Chapel Hill council hears downtown apartment plan

tgrubb@newsobserver.comNovember 19, 2013 

  • Hearing delayed

    The Town Council delayed the second part of a public hearing Monday about the Timber Hollow Apartments redevelopment project on Martin Luther King Jr. Boulevard.

    The developer asked for more time this week to respond to previous town and advisory board comments. The discussion has been rescheduled tentatively for Feb. 10.

    Developer Ron Strom, with Blue Heron Asset Management, said there are three primary areas of concern: row houses planned along MLK Boulevard, a new multistory building and the new community center.

  • Project stats

    •  Name: Franklin Student Housing (could change)

    • Location: 106 Mallette St.

    • Developer: Wintergreen Hospitality

    • Property Owner: DRE Investors

    • Acres: 0.7

    • Zoning: Town Center-2

    • Square footage: 103,726

    • Stories: 6

    • Residential: 55-60 apartments.

    • Parking: 120 spaces on two levels under the building.

    • Current Tax Value: Roughly $1 million

    • Current Property Taxes: $23,000

    • Proposed Property Taxes: roughly $200,000

— Town Council members raised several questions Monday about parking, affordable housing and how a six-story apartment building would fit in with downtown neighbors.

The 106 Mallette St. project is about walkability and urban living, said consultant John McAdams of The John R. McAdams Co.

The apartments aren’t just for students, despite being temporarily named Franklin Student Housing, developer Jay Patel said. The founder of Wintergreen Hospitality owns The Franklin Hotel with his brother Anup Patel.

“We’re not looking at a demographic group of people … in a certain age group or a certain economic class or a certain profession,” he said. “What we’re looking at is really a lifestyle thing.”

The proposed site is between Mallette and Kenan streets, behind the hotel and facing Panera Bread. At 103,726 square feet, the building could have 55 to 60 apartments on less than an acre.

The exterior could reflect the hotel and nearby buildings, but with vegetative or reflective roofs. Council member Jim Ward said he’d also like to see energy-efficient utilities, pedestrian walkways and maybe some street-level stores.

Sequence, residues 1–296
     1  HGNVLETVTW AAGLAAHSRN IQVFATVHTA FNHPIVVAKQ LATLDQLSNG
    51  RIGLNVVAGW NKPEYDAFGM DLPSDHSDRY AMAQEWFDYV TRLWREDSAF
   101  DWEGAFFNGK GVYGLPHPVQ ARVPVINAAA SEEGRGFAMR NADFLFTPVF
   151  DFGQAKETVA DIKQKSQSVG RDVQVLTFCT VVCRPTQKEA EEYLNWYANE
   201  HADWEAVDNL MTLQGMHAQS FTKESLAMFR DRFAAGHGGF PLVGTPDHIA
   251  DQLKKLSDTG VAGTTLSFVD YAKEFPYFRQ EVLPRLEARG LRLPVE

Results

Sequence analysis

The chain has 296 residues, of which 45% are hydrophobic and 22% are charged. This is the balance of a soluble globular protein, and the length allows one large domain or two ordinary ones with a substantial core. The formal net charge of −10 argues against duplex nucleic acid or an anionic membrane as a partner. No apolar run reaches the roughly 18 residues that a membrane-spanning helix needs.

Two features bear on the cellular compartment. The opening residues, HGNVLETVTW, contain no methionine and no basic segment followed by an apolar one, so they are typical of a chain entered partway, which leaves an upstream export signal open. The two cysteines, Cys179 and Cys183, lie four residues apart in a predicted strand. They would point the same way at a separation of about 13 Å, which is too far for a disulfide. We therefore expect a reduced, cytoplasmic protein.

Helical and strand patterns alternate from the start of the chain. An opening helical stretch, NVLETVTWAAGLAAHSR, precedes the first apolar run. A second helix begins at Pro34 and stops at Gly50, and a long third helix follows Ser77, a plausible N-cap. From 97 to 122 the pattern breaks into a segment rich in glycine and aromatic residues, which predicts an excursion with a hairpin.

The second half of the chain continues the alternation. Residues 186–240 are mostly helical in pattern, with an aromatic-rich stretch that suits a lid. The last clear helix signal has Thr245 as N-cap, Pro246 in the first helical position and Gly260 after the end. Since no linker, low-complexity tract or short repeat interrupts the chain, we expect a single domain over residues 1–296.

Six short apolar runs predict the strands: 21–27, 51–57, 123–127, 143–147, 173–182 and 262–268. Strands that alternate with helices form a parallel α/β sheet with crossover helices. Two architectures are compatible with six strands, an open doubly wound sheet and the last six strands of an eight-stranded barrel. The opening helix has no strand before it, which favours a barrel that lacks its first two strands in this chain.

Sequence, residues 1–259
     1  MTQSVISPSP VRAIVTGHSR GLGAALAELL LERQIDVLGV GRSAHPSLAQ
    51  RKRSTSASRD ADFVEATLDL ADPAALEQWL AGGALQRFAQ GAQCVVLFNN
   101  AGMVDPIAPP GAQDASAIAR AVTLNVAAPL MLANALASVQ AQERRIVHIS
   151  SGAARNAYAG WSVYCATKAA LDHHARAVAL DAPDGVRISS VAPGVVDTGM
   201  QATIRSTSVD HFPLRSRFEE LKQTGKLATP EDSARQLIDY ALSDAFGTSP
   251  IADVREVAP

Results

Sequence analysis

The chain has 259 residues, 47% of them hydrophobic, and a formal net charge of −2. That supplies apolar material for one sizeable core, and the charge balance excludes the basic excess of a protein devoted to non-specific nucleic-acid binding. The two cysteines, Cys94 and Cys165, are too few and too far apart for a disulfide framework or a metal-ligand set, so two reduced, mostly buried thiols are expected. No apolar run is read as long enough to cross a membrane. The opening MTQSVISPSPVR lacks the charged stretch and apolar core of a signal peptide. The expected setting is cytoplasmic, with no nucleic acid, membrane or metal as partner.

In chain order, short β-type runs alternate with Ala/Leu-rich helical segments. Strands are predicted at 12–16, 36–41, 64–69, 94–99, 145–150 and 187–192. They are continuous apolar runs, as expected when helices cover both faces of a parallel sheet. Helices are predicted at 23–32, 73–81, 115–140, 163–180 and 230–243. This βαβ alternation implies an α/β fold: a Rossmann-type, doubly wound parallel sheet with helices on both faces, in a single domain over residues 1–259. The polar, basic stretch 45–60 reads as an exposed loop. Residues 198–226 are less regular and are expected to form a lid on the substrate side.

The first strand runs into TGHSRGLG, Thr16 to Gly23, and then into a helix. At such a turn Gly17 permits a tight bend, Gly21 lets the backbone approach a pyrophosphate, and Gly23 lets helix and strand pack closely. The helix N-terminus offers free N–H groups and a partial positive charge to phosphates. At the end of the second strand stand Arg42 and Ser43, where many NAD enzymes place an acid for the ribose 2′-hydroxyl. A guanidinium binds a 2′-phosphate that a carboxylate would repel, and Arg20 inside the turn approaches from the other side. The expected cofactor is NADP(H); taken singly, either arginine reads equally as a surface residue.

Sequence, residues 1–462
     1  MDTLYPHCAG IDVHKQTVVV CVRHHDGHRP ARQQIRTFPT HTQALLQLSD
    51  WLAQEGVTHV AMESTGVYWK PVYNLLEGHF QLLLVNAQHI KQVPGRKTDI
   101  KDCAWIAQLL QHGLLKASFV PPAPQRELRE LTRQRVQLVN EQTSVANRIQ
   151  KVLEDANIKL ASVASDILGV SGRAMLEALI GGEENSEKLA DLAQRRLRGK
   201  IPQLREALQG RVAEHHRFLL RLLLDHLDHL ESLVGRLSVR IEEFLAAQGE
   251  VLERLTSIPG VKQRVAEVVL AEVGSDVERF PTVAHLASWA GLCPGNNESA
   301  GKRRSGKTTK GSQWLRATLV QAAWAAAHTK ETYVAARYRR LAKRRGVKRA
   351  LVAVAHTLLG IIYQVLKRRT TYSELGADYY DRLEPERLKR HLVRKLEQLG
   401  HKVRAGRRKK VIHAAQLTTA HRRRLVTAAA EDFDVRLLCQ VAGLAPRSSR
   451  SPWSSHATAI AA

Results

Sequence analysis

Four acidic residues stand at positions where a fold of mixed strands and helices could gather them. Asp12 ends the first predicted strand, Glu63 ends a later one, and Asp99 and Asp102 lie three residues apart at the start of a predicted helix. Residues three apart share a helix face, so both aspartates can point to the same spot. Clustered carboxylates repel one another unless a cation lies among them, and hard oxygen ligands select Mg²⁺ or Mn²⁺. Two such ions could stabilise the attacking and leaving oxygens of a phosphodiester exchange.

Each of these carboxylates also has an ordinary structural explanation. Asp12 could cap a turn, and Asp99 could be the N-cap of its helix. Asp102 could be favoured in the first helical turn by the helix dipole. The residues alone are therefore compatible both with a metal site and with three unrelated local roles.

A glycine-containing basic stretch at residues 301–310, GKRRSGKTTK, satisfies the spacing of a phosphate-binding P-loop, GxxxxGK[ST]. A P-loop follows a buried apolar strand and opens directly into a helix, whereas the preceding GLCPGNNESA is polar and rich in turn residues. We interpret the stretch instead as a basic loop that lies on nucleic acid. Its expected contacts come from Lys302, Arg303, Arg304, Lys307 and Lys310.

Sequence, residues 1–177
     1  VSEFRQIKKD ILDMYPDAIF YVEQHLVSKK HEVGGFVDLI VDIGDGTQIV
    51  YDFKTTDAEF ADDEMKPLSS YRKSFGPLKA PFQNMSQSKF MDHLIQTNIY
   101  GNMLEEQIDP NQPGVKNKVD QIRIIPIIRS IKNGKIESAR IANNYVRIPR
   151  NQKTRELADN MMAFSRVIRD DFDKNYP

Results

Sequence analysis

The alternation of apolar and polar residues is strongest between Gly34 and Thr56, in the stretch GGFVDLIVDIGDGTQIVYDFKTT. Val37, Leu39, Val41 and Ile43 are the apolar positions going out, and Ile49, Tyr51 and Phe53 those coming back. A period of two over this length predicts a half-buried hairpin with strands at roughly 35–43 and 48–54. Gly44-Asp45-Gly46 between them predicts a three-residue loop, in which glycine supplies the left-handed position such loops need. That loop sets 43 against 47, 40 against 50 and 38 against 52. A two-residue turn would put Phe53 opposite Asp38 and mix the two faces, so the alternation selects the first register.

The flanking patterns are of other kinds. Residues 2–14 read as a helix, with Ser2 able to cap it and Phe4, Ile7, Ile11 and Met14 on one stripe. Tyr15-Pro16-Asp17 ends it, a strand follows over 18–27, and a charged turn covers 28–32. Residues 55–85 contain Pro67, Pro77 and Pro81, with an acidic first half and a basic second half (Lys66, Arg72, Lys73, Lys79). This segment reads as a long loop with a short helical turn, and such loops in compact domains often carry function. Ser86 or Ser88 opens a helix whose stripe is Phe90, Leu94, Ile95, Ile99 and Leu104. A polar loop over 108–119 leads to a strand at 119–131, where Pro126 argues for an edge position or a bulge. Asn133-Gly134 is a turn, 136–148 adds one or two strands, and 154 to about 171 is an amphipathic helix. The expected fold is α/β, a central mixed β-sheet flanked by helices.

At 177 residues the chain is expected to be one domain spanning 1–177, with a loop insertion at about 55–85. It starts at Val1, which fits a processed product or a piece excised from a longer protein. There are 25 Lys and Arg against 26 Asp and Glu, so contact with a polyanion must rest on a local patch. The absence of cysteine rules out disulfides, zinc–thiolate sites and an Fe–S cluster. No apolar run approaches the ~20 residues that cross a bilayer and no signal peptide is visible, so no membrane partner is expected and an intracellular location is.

“Over the years, I see that ... this part of Mallette (Street) is going to be incorporated into the downtown fabric much more than it is today,” he said.

Two parking levels under the building contributes to the need for a taller building than allowed, said John Felton, Cline Design Associates design director. The narrow site also makes it critical to use the maximum square footage through height, he said.

The site now has 46 public parking spaces. Council member Ed Harrison asked if any of the planned 120 new spaces would be public. Patel said the parking lot is an interim use; they don’t know how the project will fit into downtown plans.

They also haven’t decided how to address the town’s affordable housing needs, he said. The preliminary proposal includes roughly 10 less-expensive apartments or a payment into the town’s affordable housing fund.

Mayor Mark Kleinschmidt said several recent housing fund payments left the community with “buyer’s remorse,” because they should have asked the applicant for more. Council member Donna Bell suggested they work with an affordable housing group, such as the Community Home Trust.

How the building co-exists with smaller, mostly rental houses to the south also will be important, council members said. The upper stories would be set back, providing more distance from neighbors and reducing shadows. The council asked to see more ways to ease potentially negative effects, from wider buffers to a narrower building.

Council member Sally Greene suggested the developers look at what’s been done in Northside. The neighborhood, north of West Rosemary Street, has new, larger developments that meet specific design standards to blend in with existing homes.

The town needs to talk about the issue now, because more tall projects could be proposed beside smaller homes in the future, Bell said.

“I think we should work in coordination with the developer to think about how these bufferings should work and think of it as a pilot program to figure out what we’re going to do long term,” she said.

Felton said they also will look at reducing noise from an open-air pool now planned just feet from a neighboring house. It could be built with a wall that dulls sound or even on the rooftop, he said.

Grubb: 919-932-8746

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